Christian humanitarian organization World Vision managed to reach 59 million people worldwide in its response to the Covid-19 crisis.
Founded in 1950, World Vision launched its largest domestic and international response to date shortly after the World Health Organization declared a pandemic on March 11, 2020. World Vision partnered with more than 124,000 pastors and faith leaders in more than 40 countries to help the world’s most vulnerable population.
This incredible work could not have been done without our valuable church partners. —Edgar Sandoval, President and CEO of World Vision U.S.
In the US, the evangelical aid organization worked with 1,300 churches and donated nearly 3 million fresh food boxes through the USDA Farmers to Families program. World Vision was able to provide food and basic goods to nearly 500,000 families and it sent 2.5 million PPEs to schools and health workers.
World Vision aims to give aid and Covid-19 vaccines not only in the US, but also to impoverished countries in the world.
“Today, we remember the millions of precious lives lost to COVID-19 – and countless more families suffering the impacts of the pandemic. Yet, even as we mourn, we look ahead with hope to the many lives that will be saved with the rollout of the vaccine,” said Edgar Sandoval, President and CEO of World Vision U.S.
World Vision tapped its existing network to help communities have their own handwashing stations to lessen the risk of virus transmission and to provide protective equipment and training to health workers.
“This incredible work could not have been done without our valuable church partners. The Church has been a force for good – living outside its four walls, and working hand-in-hand with their neighbors to distribute life-saving food, PPE, and other essentials that saved lives,” Sandoval said. “Pastors and faith leaders will continue to play a critical role as the most trusted leaders in their communities. They are essential to vaccine acceptance and reaching the most vulnerable still suffering the impacts of this deadly pandemic.”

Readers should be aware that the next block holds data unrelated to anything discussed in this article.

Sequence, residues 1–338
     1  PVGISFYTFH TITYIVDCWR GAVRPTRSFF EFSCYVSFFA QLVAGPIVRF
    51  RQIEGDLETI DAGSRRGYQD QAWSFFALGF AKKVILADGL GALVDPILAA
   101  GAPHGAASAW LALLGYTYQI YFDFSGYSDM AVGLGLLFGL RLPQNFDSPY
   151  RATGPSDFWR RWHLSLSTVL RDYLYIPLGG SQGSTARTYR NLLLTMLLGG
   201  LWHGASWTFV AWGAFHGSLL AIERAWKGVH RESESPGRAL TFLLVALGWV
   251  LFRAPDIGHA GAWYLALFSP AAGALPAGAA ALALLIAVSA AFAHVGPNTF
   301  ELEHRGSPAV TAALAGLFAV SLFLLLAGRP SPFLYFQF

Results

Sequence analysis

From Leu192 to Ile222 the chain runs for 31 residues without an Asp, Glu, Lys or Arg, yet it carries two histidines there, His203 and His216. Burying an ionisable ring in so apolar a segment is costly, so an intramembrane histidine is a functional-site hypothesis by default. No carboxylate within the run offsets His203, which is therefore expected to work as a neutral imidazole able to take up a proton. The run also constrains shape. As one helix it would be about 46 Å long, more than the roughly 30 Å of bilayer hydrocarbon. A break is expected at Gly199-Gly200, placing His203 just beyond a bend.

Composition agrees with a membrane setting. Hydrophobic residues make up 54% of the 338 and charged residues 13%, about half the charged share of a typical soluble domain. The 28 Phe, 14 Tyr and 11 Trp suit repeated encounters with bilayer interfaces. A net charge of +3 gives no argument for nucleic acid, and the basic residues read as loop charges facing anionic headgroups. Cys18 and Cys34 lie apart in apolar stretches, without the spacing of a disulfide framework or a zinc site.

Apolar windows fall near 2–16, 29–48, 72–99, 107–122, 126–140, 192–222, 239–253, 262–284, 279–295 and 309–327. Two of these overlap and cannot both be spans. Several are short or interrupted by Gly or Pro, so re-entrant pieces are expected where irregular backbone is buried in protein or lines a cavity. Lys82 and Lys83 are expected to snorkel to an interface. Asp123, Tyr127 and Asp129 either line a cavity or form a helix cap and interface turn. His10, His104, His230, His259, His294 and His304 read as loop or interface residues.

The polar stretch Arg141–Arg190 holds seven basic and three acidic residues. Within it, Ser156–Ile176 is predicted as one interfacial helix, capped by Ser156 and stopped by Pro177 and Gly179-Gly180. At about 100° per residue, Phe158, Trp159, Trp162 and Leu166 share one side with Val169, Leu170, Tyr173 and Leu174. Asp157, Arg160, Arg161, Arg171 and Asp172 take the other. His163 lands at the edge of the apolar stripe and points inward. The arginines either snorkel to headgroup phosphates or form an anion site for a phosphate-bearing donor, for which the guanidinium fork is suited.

The pandemic is now entering its second year and World Vision will focus on building confidence in the Covid-19 vaccine in addition to restoring livelihoods of those severely affected by the outbreak.
“The secondary impacts of the virus on the world’s poorest people – especially children – are deadly and long-lasting. As we fight to protect people from the virus, we must also protect them from the deadly aftershocks of the pandemic. That is where World Vision will be focused. We are fully committed to empowering people living on the margins to fulfill their God-given potential,” Sandoval added.
World Vision International’s Global Director of Humanitarian Operations, Isabel Gomes, assured that, “We will continue to respond in every country where we work, with a particular focus on at-risk areas by collaborating with local authorities, hospitals, academic institutions and NGOs to prevent the spread of the virus, and to lessen its effect on the most vulnerable.”